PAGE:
Kursk: Typ. of Department of Public Charity [Prikaz Obshchestvennogo Prizreniya], 1804. 12mo (ca. 14,5x9 cm or 5 ½ x 3 ½ in). [2 – t.p., 2 – dedication leaf, 3 – second dedication, 3 – preface], 13-140 pp. First and only Russian edition. Woodcut vignette on the last page. Original publisher’s wrappers. Soviet bookshop’s stamp on verso of the front wrapper, small period owner’s ink note on the bottom of p. , partly removed period owner’s ink note on the last page. Wrappers slightly soiled, front wrapper with a minor losses of the right upper and lower corners, title page with mild water stains, but overall a very good original copy of this rare book.
Very Rare Russian provincial imprint with no paper copies found in Worldcat. An early original Russian overview of the history of European discoveries in Australia, the Pacific region and South-East Asia, inspired by the first Russian circumnavigation under the command of Adam von Krusenstern (1803-1806) and printed in a southern Russian city of Kursk a year after the expedition ships “Nadezhda” and “Neva” departed Kronstadt. The book was never reissued in Russia or translated into foreign languages.
The book consists of two chapters. The first one (pp. 13-102) describes the discoveries in South-East Asia, Australasia and the Pacific, starting with the first voyages by the Chinese, Arabs, Phoenicians and ancient Greeks. Then the main body of the chapter describes European voyages of the 15th – 18th centuries, including those of Bartolomeu Diaz, Vasco da Gama, Ferdinand Magellan, Ruy Lopez de Villalobos, Miguel Lopez de Legaspi, John Cabot, Cornelis de Houtman, Abel Tasman, William Dampier, George Anson, Loius-Antoine de Bougainville, James Cook and others, the creation and rise of power of Dutch, British and French East India Companies, wars between the European powers for the colonies and the establishment of their colonial empires. The historical chapter concludes by describing the voyages of William Bligh and Jean Francois de Laperouse.
The second chapter, titled “Position and seas, bounding Polynesia” (pp. 103-140), describes the region’s geography, the main seas, regions and islands, the size, climate (including separate notes on “three climates north of the Equator” and “seven climates south of the Equator”), main products of commercial interest (fruits, spices, coconuts, sugar cane, pearls, turtle shells, &c.). The last part of the chapter talks about the indigenous people – their origin, appearance, languages, customs and beliefs.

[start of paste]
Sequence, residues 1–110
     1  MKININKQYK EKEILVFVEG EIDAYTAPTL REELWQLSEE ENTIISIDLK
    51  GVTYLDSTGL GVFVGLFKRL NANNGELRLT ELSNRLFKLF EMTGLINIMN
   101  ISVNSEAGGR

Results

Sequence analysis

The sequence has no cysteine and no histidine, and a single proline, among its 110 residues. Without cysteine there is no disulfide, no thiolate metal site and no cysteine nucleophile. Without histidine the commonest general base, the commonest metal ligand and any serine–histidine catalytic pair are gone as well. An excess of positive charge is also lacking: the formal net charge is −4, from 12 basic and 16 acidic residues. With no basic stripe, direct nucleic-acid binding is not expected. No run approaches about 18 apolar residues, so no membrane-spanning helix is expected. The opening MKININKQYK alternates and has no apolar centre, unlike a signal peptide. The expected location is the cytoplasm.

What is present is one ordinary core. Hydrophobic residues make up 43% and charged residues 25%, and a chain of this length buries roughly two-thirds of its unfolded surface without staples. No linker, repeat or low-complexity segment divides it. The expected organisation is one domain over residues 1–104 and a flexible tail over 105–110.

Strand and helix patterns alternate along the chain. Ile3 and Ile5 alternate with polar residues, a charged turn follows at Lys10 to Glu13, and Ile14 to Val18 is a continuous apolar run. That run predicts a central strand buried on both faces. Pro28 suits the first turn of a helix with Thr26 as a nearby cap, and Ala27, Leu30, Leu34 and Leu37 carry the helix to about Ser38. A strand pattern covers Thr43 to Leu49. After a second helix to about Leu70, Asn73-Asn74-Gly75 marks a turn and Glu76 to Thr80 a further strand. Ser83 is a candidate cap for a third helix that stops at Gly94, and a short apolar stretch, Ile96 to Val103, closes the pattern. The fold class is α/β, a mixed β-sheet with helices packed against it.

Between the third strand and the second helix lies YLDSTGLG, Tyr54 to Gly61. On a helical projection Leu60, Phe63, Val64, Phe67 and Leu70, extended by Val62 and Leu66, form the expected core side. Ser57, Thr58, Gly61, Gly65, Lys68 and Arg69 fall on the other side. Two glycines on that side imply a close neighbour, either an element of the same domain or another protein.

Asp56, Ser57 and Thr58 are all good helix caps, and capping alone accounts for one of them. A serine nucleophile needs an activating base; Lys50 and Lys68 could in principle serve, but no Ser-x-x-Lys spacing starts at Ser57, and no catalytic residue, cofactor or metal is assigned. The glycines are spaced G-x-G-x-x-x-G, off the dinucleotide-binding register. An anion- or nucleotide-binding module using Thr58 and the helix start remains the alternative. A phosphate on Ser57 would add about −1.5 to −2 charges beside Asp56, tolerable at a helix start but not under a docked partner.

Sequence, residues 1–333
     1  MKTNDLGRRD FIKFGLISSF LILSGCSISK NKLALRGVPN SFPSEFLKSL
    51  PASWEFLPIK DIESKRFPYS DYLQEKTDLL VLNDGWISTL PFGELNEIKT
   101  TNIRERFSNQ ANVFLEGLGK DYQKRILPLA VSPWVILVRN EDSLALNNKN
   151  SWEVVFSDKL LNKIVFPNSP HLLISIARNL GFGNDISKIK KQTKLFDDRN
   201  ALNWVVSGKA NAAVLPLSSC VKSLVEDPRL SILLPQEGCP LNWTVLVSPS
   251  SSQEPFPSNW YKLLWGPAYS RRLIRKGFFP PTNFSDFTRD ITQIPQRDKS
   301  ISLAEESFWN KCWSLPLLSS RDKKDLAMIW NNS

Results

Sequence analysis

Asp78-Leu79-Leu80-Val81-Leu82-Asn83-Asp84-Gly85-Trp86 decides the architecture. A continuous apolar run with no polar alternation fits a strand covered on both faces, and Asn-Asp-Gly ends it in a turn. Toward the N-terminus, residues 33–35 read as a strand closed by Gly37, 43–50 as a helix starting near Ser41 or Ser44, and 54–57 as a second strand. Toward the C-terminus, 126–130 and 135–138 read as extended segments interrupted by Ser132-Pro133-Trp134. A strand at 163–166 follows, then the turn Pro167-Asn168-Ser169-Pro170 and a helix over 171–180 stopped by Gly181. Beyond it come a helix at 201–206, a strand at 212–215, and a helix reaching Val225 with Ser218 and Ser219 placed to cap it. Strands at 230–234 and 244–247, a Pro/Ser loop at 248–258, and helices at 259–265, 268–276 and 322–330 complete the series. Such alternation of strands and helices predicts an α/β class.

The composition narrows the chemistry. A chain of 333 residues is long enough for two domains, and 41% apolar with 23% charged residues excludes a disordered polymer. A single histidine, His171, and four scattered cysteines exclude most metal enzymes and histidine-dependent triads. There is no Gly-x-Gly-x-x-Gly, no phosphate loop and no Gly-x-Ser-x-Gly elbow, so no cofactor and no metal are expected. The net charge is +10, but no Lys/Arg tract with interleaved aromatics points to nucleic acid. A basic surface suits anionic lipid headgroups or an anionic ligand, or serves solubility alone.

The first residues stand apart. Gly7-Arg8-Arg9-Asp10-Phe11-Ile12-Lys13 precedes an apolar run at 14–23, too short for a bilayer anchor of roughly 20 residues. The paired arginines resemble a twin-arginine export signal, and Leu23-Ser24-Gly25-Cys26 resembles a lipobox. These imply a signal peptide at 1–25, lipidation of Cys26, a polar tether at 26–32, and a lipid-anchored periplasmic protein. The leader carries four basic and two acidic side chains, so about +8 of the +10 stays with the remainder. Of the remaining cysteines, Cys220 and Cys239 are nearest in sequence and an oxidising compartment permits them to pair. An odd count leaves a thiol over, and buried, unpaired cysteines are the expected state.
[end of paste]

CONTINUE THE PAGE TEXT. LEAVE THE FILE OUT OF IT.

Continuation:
Zubkov dedicated a comparatively large passage to the voyages and discoveries of James Cook and his companions Joseph Banks, Daniel Solander, Tobias Furneaux, Charles Clerke, John Gore, James King, and Georg Forster, who “deserve great praise and gratitude from their contemporaries and descendants” (pp. 94-96). He also indicated that the island of Atuai (Kauai) was the northernmost tip of Polynesia (p. 108) and marked Oahu as the most populated of the Sandwich Islands (p. 135).
The last passage reveals Zubkov’s awareness of the latest Russian discoveries in Alaska and expresses hope for the forthcoming Russian presence and territorial gains in the Pacific region: “In the end, I have the courage to say the following. Since the borders of the Russian Empire, considering the furthermost of the Kurile Islands, are only 28° away from the nearest border of Polynesia, and since a considerable settlement was founded by the Russians near the west coast of America on the islands of Kodiak and Afognak, it is possible to forefeel that during the wise reign of the Most Illustrious Emperor Alexander Pavlovich, the Russian flag will penetrate with glory the domains of Polynesia and gift it with peace and calmness, enrich it with the products of our fatherland, and from the local inhabitants Russian navigators will deliver to the largest Empire in the world rare fruits of nature. Important successes in trade are promised by the first sea voyage, undertaken around the globe in 1803” (pp. 138-139).
The author, Semyon Adreyevich Zubkov, was a teacher in the Kursk Main People’s School (founded in 1783 as a Noble School and renamed Kursk Boys’ Gymnasium in 1808). The information about him is scarce (see a short note in the Russian Biographical Dictionary/Ed. by A. Polovtsev, vol. 7, p. 505). In the Kursk People’s School, he worked mostly as a math and physics teacher but also taught history. Famous Russian 19th-century actor Mikhail Shchepkin, who attended the school in the early 1800s, described Zubkov’s classes in his memoirs (Shchepkin, M.S. Zapiski Aktyora Shchepkina. [Chapter III. School years]. M., 1988). Zubkov is also known as a translator of Johann Jacob Ebert’s textbook on physics (Kratkoye rukovodstvo k fizike; Dlia upotreblieniya v narodnukh uchilishchakh Rossiiskoy Imperii… SPb., 1895; second ed. – SPb., 1787) and Andreas Kaovenhofer’s “Deutliche Abhandlung von den Rädern der Wasser-Mühlen” (Podrobnoye Iz’yasneniye o Kolesakh v Vodyanukh Melnitsakh… Kursk, 1793). Kursk writer and historian Nikolay Pakhomov noted that Zubkov also was the first corrector of the typography of the Kursk Department of Public Charity (https://proza.ru/2021/09/03/422). It was in this typography that Zubkov’s overview of the discoveries in the Pacific was published in 1804.
The book was intended for the “Russian youth, for whom <…> I hope this work will bring the initial enlightenment to the young minds” (p. ). The dedication is addressed to the governor of the Kursk province Pavel Ivanovich Protasov (in office: 1803-1806).
Overall a very rare early Russian provincial imprint summarizing the history of discoveries and colonization of the Pacific region and related to the first Russian circumnavigation.